# Math Help - Exact values

1. ## Exact values

Could someone help me with the following three problems?

1) Find the exact value of sin[to the -1 power](-[sqrt]3/2).

2) cos[to the -1 power](cos(4[pi]/3)).

3) tan(sin[to the -1 power](-4/5)).

2. Originally Posted by mike1
Could someone help me with the following three problems?

1) Find the exact value of sin[to the -1 power](-[sqrt]3/2).
You are expected to know some special triangles, one of which is the
30, 60, 90 degree triangle, where if the side opposite the 30 degree angle
is 1 unit the side opposite the 60 degree angle is sqrt(3), and the other side
is 2. So using this right triangle we see that sin(30)=sqrt(3)/2, hence if:

x=asin(-sqrt(3)/2),

then

sin(x)=-sqrt(3)/2,

so:

sin(-x)=sqrt(3)/2.

Now there are multiple solutions to this, but we want x to be in the range
[-90,90], so we want -x=60, or x=-60 degrees, or -pi/3 radian.

Check: asin(-sqrt(3)/2)~=-1.57, -pi/2~=-1.57

2) cos[to the -1 power](cos(4[pi]/3)).
Now 4 pi/3= pi+pi/3, so cos(4 pi/3)=cos(pi)cos(pi/3)-sin(pi)sin(pi/3)=-cos(pi/3)
Now pi/3 radian is 60 degrees so we are back to our special triangle, and cos(pi/3)=1/2.

Now acos(-1/2)=pi-pi/3=2pi/3.

Check acos(cos(4pi/3))~=2.094, 2*pi/3~=2.094

3) tan(sin[to the -1 power](-4/5)).
Here we need to think 3-4-5 triangle, first:

tan(asin(-4/5))=-tan(asin(4/5))

(draw the triangle identify the angle whose sin is 4/5, then find its
tangent), so:

tan(asin(-4/5))=-4/3

Check: tan(asin(-4/5))~=-1.33.., -4/3~=1.33..

RonL

Note: when evaluating the inverse trig functions it is usual to give the answer
in a fundamental range such that the function has a unique value (the principle value).

That is evaluating x=asin(y) is not the same as finding x such that sin(x)=y,
since asin(y) gives a single value, while solving sin(x)=y has multiple solutions.

For asin the range is usually -pi/2 to pi/2 (or in degrees -90 to 90)
For acos the range is usually 0 to pi (0 to 180 degrees)
For atan the range is usually -pi/2 to pi/2 (or sometimes 0 to pi) (-90 to 90 degrees).

3. Originally Posted by mike1
Could someone help me with the following three problems?

1) Find the exact value of sin[to the -1 power](-[sqrt]3/2).

2) cos[to the -1 power](cos(4[pi]/3)).

3) tan(sin[to the -1 power](-4/5)).
I assume sin[to the -1 power] is arcsine.

1) arcsin[-sqrt(3) /2]
That is an angle whose sine is -sqrt(3) /2. Let's call it theta.

In what quadrants is the sine negative? Since sine is y/r, and r is always positive, then sine is negative wherever y is negative. Below the origin, or below the x-axis. In the 3rd and 4th quadrants.
So theta is between pi and 2pi radians.

Then the angle.
If sin(theta) = sqrt(3) /2, then theta is 60degrees or pi/3 radians. What are the angles in the 3rd and 4th quadrants that are pi/3 from the x-axis?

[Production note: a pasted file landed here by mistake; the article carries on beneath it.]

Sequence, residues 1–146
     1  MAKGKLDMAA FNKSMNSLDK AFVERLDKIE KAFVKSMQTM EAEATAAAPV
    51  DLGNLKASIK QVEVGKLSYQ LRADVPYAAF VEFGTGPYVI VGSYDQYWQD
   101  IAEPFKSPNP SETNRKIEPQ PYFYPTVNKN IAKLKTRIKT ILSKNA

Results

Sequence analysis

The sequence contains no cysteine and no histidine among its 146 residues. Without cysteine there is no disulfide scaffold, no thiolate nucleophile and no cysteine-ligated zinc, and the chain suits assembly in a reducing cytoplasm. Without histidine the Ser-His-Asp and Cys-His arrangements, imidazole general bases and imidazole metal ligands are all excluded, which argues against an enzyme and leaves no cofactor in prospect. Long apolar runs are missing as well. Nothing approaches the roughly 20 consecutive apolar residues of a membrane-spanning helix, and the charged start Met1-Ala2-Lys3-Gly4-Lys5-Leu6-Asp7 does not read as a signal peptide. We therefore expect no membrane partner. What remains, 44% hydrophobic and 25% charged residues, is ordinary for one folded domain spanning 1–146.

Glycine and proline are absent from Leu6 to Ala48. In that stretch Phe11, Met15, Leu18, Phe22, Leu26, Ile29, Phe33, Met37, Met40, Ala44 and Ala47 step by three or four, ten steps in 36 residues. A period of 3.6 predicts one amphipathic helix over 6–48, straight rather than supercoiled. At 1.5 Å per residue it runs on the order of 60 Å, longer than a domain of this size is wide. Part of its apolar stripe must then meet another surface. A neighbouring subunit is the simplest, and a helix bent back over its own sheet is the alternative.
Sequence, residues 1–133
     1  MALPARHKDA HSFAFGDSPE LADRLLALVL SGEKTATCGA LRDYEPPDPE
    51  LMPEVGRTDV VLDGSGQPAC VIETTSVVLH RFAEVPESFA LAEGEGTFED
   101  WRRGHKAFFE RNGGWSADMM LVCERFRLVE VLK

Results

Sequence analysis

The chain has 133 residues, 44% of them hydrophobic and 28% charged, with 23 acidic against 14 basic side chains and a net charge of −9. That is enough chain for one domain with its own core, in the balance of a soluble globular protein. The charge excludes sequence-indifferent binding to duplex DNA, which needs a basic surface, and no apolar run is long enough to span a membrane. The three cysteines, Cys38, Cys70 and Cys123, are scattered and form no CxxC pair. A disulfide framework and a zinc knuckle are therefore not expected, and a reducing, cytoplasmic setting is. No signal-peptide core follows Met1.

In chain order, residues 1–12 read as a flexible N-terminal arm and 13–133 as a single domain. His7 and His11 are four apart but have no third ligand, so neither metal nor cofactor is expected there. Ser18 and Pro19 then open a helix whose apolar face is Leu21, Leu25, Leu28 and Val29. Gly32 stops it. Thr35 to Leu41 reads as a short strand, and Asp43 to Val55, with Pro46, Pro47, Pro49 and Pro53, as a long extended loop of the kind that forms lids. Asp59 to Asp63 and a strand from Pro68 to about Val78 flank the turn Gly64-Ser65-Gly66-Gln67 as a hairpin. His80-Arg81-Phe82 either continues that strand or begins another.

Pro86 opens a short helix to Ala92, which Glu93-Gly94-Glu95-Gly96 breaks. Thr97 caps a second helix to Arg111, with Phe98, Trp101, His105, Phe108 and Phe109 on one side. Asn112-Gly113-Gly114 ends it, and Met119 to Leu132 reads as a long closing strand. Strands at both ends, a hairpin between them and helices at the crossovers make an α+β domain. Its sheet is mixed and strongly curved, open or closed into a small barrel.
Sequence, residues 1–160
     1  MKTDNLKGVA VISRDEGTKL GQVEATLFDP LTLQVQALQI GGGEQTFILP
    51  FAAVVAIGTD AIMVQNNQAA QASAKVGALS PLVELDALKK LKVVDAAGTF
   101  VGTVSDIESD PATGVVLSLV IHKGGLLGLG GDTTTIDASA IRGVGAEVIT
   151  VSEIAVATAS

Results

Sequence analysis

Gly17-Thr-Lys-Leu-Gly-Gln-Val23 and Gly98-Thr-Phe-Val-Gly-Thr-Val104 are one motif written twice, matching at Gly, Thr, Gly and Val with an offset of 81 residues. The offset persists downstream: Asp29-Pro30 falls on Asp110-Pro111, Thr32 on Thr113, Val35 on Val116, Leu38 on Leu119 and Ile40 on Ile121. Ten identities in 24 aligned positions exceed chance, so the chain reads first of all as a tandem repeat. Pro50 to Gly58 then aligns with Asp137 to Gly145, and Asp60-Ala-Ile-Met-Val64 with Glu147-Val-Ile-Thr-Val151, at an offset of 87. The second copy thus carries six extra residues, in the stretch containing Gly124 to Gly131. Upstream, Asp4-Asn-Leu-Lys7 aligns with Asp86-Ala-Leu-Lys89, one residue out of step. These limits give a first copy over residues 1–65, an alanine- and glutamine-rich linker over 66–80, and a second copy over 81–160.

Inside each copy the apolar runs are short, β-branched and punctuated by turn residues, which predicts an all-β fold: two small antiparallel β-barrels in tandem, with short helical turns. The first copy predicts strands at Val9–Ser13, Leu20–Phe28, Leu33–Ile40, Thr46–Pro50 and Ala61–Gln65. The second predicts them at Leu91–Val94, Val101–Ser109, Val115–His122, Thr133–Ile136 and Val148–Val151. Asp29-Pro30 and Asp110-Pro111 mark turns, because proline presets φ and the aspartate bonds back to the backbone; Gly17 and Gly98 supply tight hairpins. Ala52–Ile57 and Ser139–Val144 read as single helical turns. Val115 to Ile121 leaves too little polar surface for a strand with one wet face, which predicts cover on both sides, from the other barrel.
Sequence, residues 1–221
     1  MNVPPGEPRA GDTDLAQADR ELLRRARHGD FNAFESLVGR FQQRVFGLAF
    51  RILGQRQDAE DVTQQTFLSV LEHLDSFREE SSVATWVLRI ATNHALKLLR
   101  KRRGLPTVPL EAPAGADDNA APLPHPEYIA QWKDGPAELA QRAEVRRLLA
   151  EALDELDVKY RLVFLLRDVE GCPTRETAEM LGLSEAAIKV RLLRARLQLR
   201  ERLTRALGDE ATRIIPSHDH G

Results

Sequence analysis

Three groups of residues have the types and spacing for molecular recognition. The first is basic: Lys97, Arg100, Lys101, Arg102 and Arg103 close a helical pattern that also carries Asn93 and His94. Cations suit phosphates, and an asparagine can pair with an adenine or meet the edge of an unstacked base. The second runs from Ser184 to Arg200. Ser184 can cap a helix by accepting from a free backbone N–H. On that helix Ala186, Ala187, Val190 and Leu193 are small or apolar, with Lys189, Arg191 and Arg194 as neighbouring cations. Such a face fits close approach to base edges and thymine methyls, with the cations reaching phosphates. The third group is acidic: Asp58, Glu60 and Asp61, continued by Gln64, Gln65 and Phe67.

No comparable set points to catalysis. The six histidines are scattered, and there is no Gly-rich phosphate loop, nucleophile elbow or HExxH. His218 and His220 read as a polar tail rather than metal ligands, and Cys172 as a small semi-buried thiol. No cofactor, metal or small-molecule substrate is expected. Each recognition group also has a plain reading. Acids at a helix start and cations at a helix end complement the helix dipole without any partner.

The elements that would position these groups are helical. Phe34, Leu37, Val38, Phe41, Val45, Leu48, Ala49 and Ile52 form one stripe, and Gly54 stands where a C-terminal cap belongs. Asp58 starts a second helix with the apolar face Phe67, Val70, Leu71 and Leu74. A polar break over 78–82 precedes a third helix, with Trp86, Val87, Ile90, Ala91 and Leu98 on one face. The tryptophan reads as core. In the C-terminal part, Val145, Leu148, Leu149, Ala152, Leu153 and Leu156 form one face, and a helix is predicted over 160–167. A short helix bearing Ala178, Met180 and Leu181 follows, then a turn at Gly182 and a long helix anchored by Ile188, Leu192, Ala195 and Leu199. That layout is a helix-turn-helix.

Why, (pi +pi/3) in the 3rd quadrant and (2pi -pi/3) in the 4th quadrant.

----------------------
2) cos[to the -1 power](cos(4[pi]/3)).
That is "the cosine of an angle whose cosine is 4pi/3".

======
Ooppss, my mistake.
That is actually arccosine of cos(4pi/3).
An angle whose cosine is cos(4pi/3).

I do not know how to do that.

You sure you typed it right?
-------------------------------------
3) tan(sin[to the -1 power](-4/5)).
That is "the tangent of an angle whose sine is -4/5 "

First, about the negative sine value.
As in part (i) above, theta is in the 3rd or 4th quadrant, or theta between pi and 2pi radians.

Then the angle.
If sin(alpha) = 4/5, then y=4 and r=5 since sine = y/r.
tan is y/x. So we need to find x.
By Pythagorean theorem, x = sqrt(r^2 -y^2) = sqrt(5^2 -4^2) = 3.
Hence tan(alpha) = y/x = 4/3.

In the 3rd quadrant, x is negative, and y is negative also, hence,
tan(theta) = y/x = -4/ -3 = 4/3 ------***

In the 4th quadrant, x is positive, and y is negative, hence,
tan(theta) = y/x = -4/ 3 = -4/3 -----***

-----------------------
Note, in the reference triangle,
opposite side = y
hypotenuse = r --------always positive.

4. Hello, Mike!

ticbol did an excellent job of explaining.
Here are my versions . . .

I'll assume the angle are between $0$ and $2\pi$.

Find the exact value of:

$(1)\;\sin^{-1}\left(-\frac{\sqrt{3}}{2}\right)$

We want the angle whose sine is $-\frac{\sqrt{3}}{2}$

You are expected to know that: $\sin\left(\frac{\pi}{3}\right) \,=\,\frac{\sqrt{3}}{2}$

Sine is negative in quadrants 3 and 4.
So we have a reference angle of $\frac{\pi}{3}$ in quadrants 3 and 4.

Hence, the angles are: . $\frac{4\pi}{3},\:\frac{5\pi}{3}$

$(2)\;\cos^{-1}\left[\cos\left(\frac{4\pi}{3}\right)\right]$

Inside, we have: . $\cos\frac{4\pi}{3} \:=\:\text{-}\frac{1}{2}$

Then we have: . $\cos^{-1}\left(\text{-}\frac{1}{2}\right)$ . . . the angle whose cosine is $\text{-}\frac{1}{2}$

We know that: . $\cos\left(\frac{\pi}{3}\right) \,=\,\frac{1}{2}$
Cosine is negative in quadrants 2 and 3.

Therefore the angles are: . $\frac{2\pi}{3},\:\frac{4\pi}{3}$

$(3)\;\tan\left[\sin^{-1}\left(\text{-}\frac{4}{5}\right)\right]$

Inside, we have: . $\sin^{-1}\left(\text{-}\frac{4}{5}\right)$ . . . the angle whose sine is $\text{-}\frac{4}{5}$

Consider: $\sin\theta = \frac{4}{5}$
We don't know the exact value of this angle,
. . but we know it comes from this triangle:
Code:
                  *
* |
*   |
5 *     | 4
*       |
* θ       |
* - - - - - *
3

Since sine is negative in quadrants 3 and 4,
. . the two possible angles look like this:
Code:
              |                         |
|                         |
-3   |                         |   3
- + - - - + - - - - -       - - - - + - - - + -
:   θ / |                         | \ θ   :
-4:   /5  |                         |  5\   :-4
: /     |                         |     \ :
*       |                         |       *

Since $\tan\theta \:=\:\frac{\text{-}4}{\text{-}3}\text{ or }\frac{\text{-}4}{3}$

. . the answers are: . $\pm\frac{4}{3}$